Dave’s 3-Word Review:
That’s not Hannibal.
Doesn’t every popular villain or hero need an origin story? No, but that doesn’t stop every production company from thinking otherwise. So, the real question is how do you take a well-known cannibal/villain and show how he became who he is? Clearly, the answer to that is to substitute him into an otherwise generic kung-fu vengeance story. I agree that we could benefit on learning a little about Hannibal’s backstory, and there were some believable aspects to how it was told in Hannibal Rising, but it went a little too far in going unoriginal.
After a gang of ruthless criminals kill his parents and eat his sister, Hannibal spends the rest of his youth silently tracking down these men down and making them pay for what they did. In the scheme of things…that’s about it when taking the plot into consideration. Why? Well, it’s quite obvious isn’t it? They are playing off of the common kung-fu theme on vengeance. Sure, vengeance is everywhere in film, it’s in Batman, but what makes this so obvious is how they went about it. Asian actors, Hannibal learning to fight…using a samurai sword…the list goes on and on, but he might as well have been wearing a kimono.
Let’s be real…this wasn’t a Hannibal film, it was a generic kung-fu vengeance story with a Hannibal theme. It doesn’t even follow the basic theme met in each of the Hannibal films. This wasn’t Hannibal’s M.O., since when did he chop off heads and eat cheeks? No. He is a creepy, slow-talking villain that gets inside your head and works opposite an obvious protagonist, usually an FBI agent. There was a basic detective in this, but the film really didn’t focus on him at all. Instead, it was just a basic plot – these guys are bad, they wronged me, so now I will go kill them with my samurai sword.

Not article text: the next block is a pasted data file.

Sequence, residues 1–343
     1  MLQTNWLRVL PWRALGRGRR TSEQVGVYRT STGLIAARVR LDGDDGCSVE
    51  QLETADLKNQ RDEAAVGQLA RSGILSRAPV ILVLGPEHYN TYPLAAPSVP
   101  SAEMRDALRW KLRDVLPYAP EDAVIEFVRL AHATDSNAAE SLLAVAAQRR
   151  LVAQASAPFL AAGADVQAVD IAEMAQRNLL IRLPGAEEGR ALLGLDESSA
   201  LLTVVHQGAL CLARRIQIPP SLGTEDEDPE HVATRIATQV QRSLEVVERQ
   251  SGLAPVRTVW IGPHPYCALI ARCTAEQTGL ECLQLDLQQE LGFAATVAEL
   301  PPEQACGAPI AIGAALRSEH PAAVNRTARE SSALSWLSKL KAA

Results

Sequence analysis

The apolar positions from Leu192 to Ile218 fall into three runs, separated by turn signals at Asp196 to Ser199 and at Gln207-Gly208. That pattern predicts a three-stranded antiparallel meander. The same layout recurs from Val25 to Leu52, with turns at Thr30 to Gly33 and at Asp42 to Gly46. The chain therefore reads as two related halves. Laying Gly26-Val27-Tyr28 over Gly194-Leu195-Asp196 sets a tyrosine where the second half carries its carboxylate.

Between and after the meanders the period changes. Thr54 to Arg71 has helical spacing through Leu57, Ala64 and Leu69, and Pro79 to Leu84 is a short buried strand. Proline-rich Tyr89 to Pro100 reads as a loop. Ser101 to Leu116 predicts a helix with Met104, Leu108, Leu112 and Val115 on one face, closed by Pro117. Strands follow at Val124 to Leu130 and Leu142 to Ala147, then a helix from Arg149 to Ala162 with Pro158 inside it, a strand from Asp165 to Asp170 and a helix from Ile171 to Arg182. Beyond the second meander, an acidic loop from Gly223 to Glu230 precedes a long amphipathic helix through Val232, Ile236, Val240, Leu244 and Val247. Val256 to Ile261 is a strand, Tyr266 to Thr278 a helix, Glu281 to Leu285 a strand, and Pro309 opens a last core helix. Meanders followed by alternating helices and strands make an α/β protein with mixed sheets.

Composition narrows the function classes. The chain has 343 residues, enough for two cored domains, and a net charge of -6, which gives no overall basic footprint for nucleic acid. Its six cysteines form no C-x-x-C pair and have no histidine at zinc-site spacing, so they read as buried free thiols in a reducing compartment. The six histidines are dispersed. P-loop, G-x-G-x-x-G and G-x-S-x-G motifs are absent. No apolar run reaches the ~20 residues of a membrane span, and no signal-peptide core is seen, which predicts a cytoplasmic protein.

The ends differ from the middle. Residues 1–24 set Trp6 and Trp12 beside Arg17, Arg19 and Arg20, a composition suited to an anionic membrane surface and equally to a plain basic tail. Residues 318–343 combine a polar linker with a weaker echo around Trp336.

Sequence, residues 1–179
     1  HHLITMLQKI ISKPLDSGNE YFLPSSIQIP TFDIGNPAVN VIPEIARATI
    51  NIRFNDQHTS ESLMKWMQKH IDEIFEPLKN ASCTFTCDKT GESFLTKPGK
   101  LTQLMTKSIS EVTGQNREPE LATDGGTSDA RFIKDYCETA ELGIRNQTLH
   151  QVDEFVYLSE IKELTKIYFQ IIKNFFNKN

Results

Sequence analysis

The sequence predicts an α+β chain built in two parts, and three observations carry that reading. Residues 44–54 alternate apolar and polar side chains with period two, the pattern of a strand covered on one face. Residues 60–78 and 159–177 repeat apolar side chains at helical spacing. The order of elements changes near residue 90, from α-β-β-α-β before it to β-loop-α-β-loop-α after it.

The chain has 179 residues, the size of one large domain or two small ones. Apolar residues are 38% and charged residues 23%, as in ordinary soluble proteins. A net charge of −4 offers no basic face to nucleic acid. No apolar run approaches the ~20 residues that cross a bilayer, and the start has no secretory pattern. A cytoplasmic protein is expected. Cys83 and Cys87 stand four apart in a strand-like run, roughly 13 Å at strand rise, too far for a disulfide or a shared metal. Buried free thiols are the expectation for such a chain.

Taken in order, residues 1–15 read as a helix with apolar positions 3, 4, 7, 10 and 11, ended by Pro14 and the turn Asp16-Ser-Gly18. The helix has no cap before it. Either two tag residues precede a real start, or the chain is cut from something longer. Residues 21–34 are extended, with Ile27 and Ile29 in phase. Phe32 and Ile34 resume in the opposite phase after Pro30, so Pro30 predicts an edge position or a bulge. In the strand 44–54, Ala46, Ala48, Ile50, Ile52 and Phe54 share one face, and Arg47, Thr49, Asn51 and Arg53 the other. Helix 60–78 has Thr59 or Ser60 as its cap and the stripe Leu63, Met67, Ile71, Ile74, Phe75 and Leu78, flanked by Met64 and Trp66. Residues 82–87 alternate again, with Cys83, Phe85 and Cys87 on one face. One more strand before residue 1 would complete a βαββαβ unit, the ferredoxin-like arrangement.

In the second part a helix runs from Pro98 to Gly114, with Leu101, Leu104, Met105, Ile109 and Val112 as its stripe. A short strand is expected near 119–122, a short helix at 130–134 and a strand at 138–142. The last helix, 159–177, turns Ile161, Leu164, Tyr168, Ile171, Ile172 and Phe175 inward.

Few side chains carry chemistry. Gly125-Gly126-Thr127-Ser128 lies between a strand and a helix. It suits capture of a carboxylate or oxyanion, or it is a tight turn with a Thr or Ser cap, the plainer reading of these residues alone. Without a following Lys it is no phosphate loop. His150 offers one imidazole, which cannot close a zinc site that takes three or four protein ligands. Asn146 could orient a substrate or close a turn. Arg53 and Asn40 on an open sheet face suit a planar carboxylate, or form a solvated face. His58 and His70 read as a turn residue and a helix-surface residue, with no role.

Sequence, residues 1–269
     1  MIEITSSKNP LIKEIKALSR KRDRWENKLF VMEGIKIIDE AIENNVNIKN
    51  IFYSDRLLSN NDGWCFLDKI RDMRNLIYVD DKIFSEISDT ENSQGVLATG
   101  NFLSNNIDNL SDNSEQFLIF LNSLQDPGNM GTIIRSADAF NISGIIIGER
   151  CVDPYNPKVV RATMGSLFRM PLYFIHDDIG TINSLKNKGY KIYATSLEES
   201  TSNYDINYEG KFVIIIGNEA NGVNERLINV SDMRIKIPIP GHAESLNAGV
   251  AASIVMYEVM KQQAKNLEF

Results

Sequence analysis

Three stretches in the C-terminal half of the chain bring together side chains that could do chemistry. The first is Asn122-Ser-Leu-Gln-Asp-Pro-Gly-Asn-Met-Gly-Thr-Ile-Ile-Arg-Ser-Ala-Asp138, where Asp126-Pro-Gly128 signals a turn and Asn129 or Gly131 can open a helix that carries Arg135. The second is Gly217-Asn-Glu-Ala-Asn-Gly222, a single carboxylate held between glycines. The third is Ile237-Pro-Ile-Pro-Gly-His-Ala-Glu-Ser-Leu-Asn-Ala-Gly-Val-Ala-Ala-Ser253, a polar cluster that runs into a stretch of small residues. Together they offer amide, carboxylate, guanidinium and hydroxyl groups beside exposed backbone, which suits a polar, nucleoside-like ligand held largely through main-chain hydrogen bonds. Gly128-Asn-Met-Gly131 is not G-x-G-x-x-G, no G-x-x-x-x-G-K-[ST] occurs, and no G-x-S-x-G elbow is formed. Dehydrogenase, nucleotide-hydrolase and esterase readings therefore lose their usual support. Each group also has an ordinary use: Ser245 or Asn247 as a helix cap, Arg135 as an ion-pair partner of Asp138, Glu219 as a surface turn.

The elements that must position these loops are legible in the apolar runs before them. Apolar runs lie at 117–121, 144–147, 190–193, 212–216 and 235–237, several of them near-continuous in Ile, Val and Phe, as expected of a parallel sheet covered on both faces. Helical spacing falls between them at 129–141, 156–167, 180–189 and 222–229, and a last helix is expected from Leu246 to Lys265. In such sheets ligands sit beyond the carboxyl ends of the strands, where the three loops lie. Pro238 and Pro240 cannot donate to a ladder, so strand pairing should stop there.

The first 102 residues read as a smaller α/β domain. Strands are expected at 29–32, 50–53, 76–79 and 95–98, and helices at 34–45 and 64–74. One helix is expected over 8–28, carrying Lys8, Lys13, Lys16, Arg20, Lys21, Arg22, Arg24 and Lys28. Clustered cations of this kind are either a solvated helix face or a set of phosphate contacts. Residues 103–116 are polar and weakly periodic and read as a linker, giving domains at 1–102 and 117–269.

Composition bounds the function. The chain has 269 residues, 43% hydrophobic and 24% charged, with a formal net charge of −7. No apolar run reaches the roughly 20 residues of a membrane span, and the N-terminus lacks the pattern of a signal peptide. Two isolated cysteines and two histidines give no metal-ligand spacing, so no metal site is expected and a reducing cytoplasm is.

Now that I got that out of my system, I’ll give the film the credit it deserves. Had you never seen a single Hannibal film, Hannibal Rising wouldn’t be horrible. You have to have basic understanding of how Hannibal works in order to really hate the film. If this is how they first introduced him, you really wouldn’t have a problem with it. Gaspard Ulliel did a good job at playing a bad guy, clearly disturbed, maybe not so much creepy, but you still get a bad vibe off of him. The movie also looked pretty great, visually speaking. It was explosive literally and figuratively, the picture was crisp and clear, everything on the visual side looked how it was supposed to, so I’ll give it props for that. Finally, part of the story I could believe. People that are messed up in the head are almost always screwed up in the head due to a traumatic event in their past, and they usually end up doing the thing that screwed them up to begin with.
You can’t ignore the facts though, there’s really nothing about the film that screams or even whispers “Hannibal”. The film was made solely because fans of the series would like to know how Hannibal became who he was in the classic films/books. I admit I would like to know too, still would, because Hannibal Rising clearly wasn’t the answer to that question. It’s more like a fun idea that a fan wrote up and did a fine job at making his work come to life. Other than that, no.
Overall, Hannibal Rising is a well-done film that really has nothing to do with Hannibal, making the movie as a whole make the viewer feel cheated rather than satisfied. There’s no way that you’ll buy that this guy is Hannibal Lecter.